Wednesday 06 Oct 2021 | 12:56 | SYDNEY
Wednesday 06 Oct 2021 | 12:56 | SYDNEY

Libya and R2P: What now?

3 March 2011 09:21

Tim Dunne is Professor of International Relations and Director of Research in the Asia-Pacific Centre for the Responsibility to Protect, University of Queensland.

The UN has come a long way in recent years in developing norms to protect human beings and not the governments that abuse them. The 'Responsibility to Protect' (R2P) doctrine was agreed by all heads of government in 2005. It commits the community of states to respond to atrocities decisively, including the use of force where prudent and as a last resort. 

In light of this doctrine, which Australia has played a key role in developing and advocating, how should the international community respond to make sure Benghazi and Zawiyah do not become today's Srebrenica and Kigali — places that the world stood and watched as atrocity crimes were being committed'

Initial signs are hopeful. The UN Security Council Resolution of 26 February called for 'decisive action' and 'tough measures' against the Qadhafi regime. R2P was invoked for the first time in a Security Council resolution against a specific country. This is already being seen by R2P advocates as a pivotal sign of the norm's growing acceptance as a guide to international action.

But the circumstances triggering the Security Council's deliberation are unusual. First, the Libyan Ambassador to the UN denounced the Qadhafi regime, leaving it without a single ally. Second, the measures adopted – travel bans, freezing assets, criminal court investigations – are robust but will do nothing to prevent further atrocities if the army and security forces remain loyal.

The clamor to step up the international action against the pro-Qadhafi forces reaches beyond the UN building in New York and the think tanks on Massachusetts Avenue in Washington. Leaders of Western governments are contemplating tough action, including a no-fly zone and securing a humanitarian corridor to ease the passage of refugees.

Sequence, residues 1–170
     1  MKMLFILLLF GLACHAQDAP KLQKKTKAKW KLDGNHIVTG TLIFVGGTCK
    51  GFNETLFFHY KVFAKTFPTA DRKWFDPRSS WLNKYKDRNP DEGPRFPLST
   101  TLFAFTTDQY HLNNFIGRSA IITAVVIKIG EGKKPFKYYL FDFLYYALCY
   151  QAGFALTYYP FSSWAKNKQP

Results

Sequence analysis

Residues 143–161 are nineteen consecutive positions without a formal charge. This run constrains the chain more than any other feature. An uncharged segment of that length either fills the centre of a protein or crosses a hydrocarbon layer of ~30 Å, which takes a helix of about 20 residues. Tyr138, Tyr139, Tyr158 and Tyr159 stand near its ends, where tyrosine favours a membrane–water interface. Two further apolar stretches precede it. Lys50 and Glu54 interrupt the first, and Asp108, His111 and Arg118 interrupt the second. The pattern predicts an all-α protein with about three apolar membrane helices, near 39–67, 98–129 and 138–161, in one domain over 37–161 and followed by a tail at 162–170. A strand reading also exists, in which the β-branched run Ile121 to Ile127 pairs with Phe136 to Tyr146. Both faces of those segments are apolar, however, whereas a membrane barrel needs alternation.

Unless Qadhafi goes quickly, it is likely that the international community will take tougher action against his regime. But will this be done at the behest of the Security Council' Veto-wielding powers such as Russia and China have intimated they would oppose a resolution permitting force. If they do not shift ground, an alternative possibility is that action could be taken by NATO.

This would appeal to many advocates of intervention in the US. A strongly worded letter to the US president, calling for decisive action, has been posted on the Foreign Policy Initiative website. It was signed by 40 policy analysts, and included prominent neo-conservatives associated with the George W Bush Administration such as Robert Kagan, William Kristol and Paul Wolfowitz, who was deputy-defence secretary under Bush. 

The letter demands that the US and NATO develop operational plans to command Libyan waters and air space. Consistent with the position that the neo-conservatives adopted in relation to Iraq, there is no mention of the need to establish a wider consensus behind this action. 

For neo-cons, as well as some internationalists who support the Obama Administration, the UN is too weak and divided to take effective action. They would rather see it replaced by some kind of league of democratic states which has both the power and, in their eyes, the moral authority to taken international action. 

The problem with actions outside the UN Security Council is that they are in breach of a rules-based international order, and as Foreign Minister Rudd put it in his recent speech to the UN Human Rights Council, states such as Australia which aspire to be 'good international citizens' must 'build, sustain, and enhance' global and regional rules.

It is the last part of this quotation that provides an intriguing possibility for coercive action against the Qadhafi regime should the UN Security Council fail to authorize action. NATO forces took action against Yugoslavia in 1999 without authorisation; the process whereby Western states sought legitimacy for their actions outside the Security Council could become an important precedent in the coming weeks.

Back in 2000, former South African President Nelson Mandela criticized the Kosovo intervention not on the grounds that NATO powers had circumvented the Security Council, but because they had failed to act when Africans had been slaughtered.

Should Qadhafi and his army fight to consolidate their power, it is hoped that the Security Council authorizes all necessary coercive measures that are likely to succeed and that meet the test of proportionality. Mandela should be given an answer to his question about double standards.

Photo by Flickr user Ammar Abd Rabbo.